WAM 350 yr old dead dingo
The pure dingo is endangered, following generations of interbreeding with domestic dogs.
Toby Crockford, How a dead dingo from 350 years ago could save species, The Sydney Morning Herald, 4 October 2018
DNA from a dingo that died 350 years ago and was unearthed in the early 1970s could help save the endangered species, a Queensland academic says.
The University of the Sunshine Coast researcher will travel to the US next year to analyse the ancient dingo’s DNA and get the full genomic breakdown of the pure dingo.
USC senior research fellow Dr Subashchandran Sankarasubramanian will make the trip in April to use the Smithsonian Institute’s facilities to analyse the bones.
“One of the big issues facing the survival of the species is their interbreeding with domestic dogs. The situation is so bad that we could very well see the loss of genetically pure dingoes altogether,” he said.
“Given this interbreeding has happened since European settlement of Australia, how do you measure a genetically pure dingo? The answer is to go back before settlement, and, fortunately, our team has access to the bones of a 350-year-old dingo, which provides an excellent baseline.”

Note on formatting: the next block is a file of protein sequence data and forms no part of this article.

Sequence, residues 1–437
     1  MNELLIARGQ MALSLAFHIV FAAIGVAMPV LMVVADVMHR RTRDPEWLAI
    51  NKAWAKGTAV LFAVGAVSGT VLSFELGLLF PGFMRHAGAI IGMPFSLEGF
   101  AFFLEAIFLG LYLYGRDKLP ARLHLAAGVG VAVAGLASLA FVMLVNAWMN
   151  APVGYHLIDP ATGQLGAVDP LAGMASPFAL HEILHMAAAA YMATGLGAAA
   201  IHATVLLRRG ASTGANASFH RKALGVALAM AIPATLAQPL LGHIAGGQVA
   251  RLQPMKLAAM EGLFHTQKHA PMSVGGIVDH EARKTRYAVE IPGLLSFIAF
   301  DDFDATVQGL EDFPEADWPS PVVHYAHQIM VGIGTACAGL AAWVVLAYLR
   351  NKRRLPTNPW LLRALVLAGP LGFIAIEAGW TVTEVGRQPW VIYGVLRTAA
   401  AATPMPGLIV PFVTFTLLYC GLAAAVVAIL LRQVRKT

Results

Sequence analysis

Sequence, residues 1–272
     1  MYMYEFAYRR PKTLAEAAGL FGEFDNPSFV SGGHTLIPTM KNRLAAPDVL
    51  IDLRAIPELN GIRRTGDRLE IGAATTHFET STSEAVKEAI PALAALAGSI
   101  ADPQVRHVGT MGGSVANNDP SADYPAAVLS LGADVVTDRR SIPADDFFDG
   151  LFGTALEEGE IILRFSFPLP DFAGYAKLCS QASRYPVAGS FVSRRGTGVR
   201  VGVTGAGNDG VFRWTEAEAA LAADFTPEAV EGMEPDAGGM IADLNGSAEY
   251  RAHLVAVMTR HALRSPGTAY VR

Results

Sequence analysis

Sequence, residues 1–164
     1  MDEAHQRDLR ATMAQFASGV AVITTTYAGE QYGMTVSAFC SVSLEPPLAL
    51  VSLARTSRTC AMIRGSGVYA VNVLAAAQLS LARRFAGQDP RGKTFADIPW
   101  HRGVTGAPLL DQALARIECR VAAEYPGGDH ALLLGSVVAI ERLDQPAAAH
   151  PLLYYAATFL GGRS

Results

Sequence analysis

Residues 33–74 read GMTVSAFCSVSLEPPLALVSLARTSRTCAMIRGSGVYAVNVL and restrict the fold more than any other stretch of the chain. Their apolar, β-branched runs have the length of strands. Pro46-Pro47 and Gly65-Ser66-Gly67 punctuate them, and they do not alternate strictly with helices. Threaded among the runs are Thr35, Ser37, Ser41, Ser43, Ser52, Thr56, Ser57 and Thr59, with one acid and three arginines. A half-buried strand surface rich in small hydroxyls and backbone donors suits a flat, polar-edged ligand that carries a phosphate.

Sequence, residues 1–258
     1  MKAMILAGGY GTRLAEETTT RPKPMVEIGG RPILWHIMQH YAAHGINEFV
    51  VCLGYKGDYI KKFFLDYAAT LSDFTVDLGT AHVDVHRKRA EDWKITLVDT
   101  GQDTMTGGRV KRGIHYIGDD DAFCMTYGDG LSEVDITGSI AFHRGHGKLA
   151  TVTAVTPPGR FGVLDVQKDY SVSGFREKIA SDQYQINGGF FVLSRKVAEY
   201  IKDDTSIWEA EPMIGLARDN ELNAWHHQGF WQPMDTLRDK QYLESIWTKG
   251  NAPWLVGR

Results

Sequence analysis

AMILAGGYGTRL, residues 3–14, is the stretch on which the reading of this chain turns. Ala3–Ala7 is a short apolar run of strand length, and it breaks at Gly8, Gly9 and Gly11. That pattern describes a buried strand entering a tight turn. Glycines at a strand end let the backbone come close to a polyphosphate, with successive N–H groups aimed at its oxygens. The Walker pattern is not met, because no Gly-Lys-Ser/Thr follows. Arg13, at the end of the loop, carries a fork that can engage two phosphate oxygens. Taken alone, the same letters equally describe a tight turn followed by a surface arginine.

The dingoes remains were found in the small seaside town of Augusta in Western Australia and have been preserved in the Western Australian Museum ever since.
Dr Sankarasubramanian said it predated European settlers arriving in Australia, who had been blamed for interbreeding dingoes with domestic dogs.
“We have developed a new technique which enables us to extract DNA from dead animals’ bones,” he said.
“We already have the genome of living dingoes, so once we get the genome of the extinct one, we should be able to confirm that the dingo is pure.
“The genome technique has been discovered very recently, so not many dingoes have been analysed.
“We will compare the ancient dingo with other living dingoes that have already been sequenced and then we will know which dingo populations in which areas of Queensland are purer.”
Dr Sankarasubramanian said the findings would be used by the state government to pinpoint pockets of genetically pure dingoes and ensure they were the focus of protection programs.
Science and Environment Minister Leeanne Enoch said the US trip has been made possible by Dr Sankarasubramanian being awarded a $25,000 fellowship from the state government.
“The Queensland-Smithsonian Fellowship Program presents recipients with a rare opportunity to collaborate with leading researchers at the world’s largest museum and research complex,” she said.
“The fellowship program has been running since 2001, and each year we see recipients coming back to Queensland with a wealth of knowledge to share and experiences to lean on, to the greater benefit of our state.”